One of the biggest complaints about remote work is that teams lose the water-cooler / coffee bar / side room setting for idea-bouncing and small-group improvisational thinking. There may be more legend than reality in the idea that breakthroughs always spring from office corridors that are easily walkable. (My guess is that at least half of this myth comes from managers who do little else!)  But I do think there’s a real risk of losing new ideas because tech and distance can create an atmosphere where people are less likely to share one-another’s time and thoughts.   It’s also much more difficult to mention something to the boss before or after a Zoom meeting, than it is to grab them on the way out or casually stop by a little later. 

You’ll want to make up for this deficit by making sure you’re finding new ways to encourage connection and ideas. Incentives are one good way to do this.  Make it monetary,  assure  recognition — do the big and little things you need to do to make your idea program visible and relevant. Whatever it takes to make it clear to your team that you WANT them to bring up ideas. As the now (quite) familiar line from Field of Dreams had it: “build it, and they will come.”  

People, ideas, and maybe even a few haunted infielders…


Make Sure Your Remote Tech is Up To The Job

If you’re going hybrid, one smart way to spend any property overhead is investment in good (or better yet: great) A/V systems for your conference rooms. As every sales-warrior knows, nothing happens until the AV is working. This has never been truer than it is today, because nothing will discourage people from coming into the traditional office more than a struggle to be heard or seen.

At the same time, invest in technology for operational visibility. It’s possible that post-it notes and joint elevator rides were once sufficient means of workforce collaboration, but in a remote world, we can do much better. Don’t let “decentralized” be a euphemism for “chaos.” Look for a modern service management solution to break down silos, streamline collaboration, and put all your priorities in one place. With service management, your team can keep working in real-time even from home.


Avoid The Micromanagement Temptation

Work management tech is performing all kinds of miracles these days, but one important distinction is that you’ll want to use it to measure – but not to micromanage. Absolutely, take advantage of service management solutions that improve operational visibility: with standard workflows and real-time analytics, it’s easy to know who’s doing what and when.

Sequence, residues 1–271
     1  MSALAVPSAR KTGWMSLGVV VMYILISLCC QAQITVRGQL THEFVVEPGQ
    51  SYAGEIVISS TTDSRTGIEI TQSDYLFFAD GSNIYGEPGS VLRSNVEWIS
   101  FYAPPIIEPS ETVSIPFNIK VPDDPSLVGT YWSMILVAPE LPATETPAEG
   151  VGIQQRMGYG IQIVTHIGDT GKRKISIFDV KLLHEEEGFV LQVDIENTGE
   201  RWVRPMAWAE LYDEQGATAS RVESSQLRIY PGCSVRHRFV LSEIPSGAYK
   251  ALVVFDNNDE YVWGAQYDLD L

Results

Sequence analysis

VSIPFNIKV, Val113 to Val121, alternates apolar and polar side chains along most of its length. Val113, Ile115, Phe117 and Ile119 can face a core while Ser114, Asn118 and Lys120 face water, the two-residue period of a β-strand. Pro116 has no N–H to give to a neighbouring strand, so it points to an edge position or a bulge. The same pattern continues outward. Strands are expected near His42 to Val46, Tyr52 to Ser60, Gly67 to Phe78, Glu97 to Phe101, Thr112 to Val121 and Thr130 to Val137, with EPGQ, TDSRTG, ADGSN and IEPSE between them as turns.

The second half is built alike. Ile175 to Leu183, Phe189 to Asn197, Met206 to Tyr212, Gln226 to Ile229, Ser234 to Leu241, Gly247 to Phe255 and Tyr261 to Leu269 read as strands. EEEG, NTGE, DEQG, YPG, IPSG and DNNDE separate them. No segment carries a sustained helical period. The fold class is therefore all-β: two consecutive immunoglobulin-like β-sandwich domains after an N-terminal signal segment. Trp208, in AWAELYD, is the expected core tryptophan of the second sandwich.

But if you’re tempted to go all-in and wire up the keyboard trackers and bi-directional cameras….we’d strongly advise you to think again. Enabling remote work shouldn’t be a green light for micro-management. By our lights, this is a good way to lose workers who’ve proven themselves productive on their own recognizance — and may put you in on a track of negative selection for your key roles.  That’s a good way to lose everything good about the old “office model” and the new remote environment, in one fell swoop.

Final Thoughts

One of the reasons I find the remote numbers from McKinsey (discussed in Part One) so compelling, is that they’re coming in strong after my own sense of the work-environment has changed.  It’s one of those moments that almost feels like deja vu, because for me — and I’m guessing for you — your “gut” has told you we are already operating with new rules for teamwork.   

Our discussion here then serves perhaps primarily as an additional reminder that we’re all working in a world that has changed before our very eyes.  And as we close with reminders about ways to keep the best from the old ways and augment them with the best of the new, it seems only right to emphasize that making this transition really work, means taking the time to communicate personally and honestly with as many members of your team as you can.  

While we expect you’ll find many colleagues who love the new setups — some will struggle with them, for a wide variety of reasons — and there’s really only one way to find out how to help everyone along. However they may be technically supported, managed, or mediated — the key is having the conversations. Find out what your people need, then work with them to build it. 

When you work together to get it right, they’ll come. Or stay…whatever works best.

David Blonski

David Blonski